At the 24-bed Al-Quds Maternity Hospital, bandits keep stealing the telephone lines, leaving the facility without service. Israel’s land-line provider, Bezeq, repaired the line once, but now is refusing to send technicians because they said they fear entering the neighborhood, hospital administrator Helmi Barak said.


When a maternity patient had to be transferred to another Jerusalem hospital recently, Barak said he had to run to a nearby drugstore to fax her medical records.


Another time, he said, a woman went into labor seven months into her term and had to be rushed to larger hospital. She ended up in Ramallah because there was no time to wait at the checkpoint. Now the parents are having trouble proving Jerusalem residency because the child was born in the West Bank.


Because no one will pick up the hospital’s medical waste, a staffer must load up his car with old needles, expired drugs and other environmentally dangerous materials and drive through the checkpoint to a Jerusalem dump.


“No hospital in the developed world would be expected to operate without telephone service,” Barak said. “Is this Africa? We pay taxes and are regulated by Israel’s Ministry of Health. Shouldn’t we get the same basic services? I don’t understand how they can provide electricity to army outposts all over the West Bank but not telephone service to Jerusalem.”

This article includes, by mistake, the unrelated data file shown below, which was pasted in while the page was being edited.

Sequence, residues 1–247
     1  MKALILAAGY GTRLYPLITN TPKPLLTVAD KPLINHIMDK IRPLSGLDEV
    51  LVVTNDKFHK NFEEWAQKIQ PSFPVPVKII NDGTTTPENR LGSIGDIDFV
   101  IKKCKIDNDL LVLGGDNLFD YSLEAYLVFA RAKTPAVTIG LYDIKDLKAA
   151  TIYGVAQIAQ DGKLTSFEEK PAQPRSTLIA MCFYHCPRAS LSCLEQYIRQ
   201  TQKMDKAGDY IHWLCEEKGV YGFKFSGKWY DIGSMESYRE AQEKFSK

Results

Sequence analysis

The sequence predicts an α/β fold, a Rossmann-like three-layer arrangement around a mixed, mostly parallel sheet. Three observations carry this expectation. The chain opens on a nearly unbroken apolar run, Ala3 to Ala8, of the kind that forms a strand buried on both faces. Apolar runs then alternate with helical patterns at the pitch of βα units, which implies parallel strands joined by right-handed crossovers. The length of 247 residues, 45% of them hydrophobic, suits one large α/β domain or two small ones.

Most of the schools in Kafr Aqab receive funding from Israel, but their facilities are mostly converted apartment buildings, hotels or military camps. At one public elementary school, the only place for students to play is a small concrete courtyard. The school had to hold its graduation ceremony in the street several years ago because it couldn’t find a local building large enough for the gathering.


Abu Rameelh, the principal at the semiprivate Dar Al Maarefa High School, said he’s given up trying to maintain ties with other schools in Jerusalem. Though more than three dozen of his students recently passed a qualifying exam to participate in a nationwide math contest, none will be going. Likewise, his soccer team no long plays other schools in the district. Field trips have been scaled back.


Participating in such events means passing through military checkpoints, which sometimes includes sniffer dogs and physical searches by soldiers.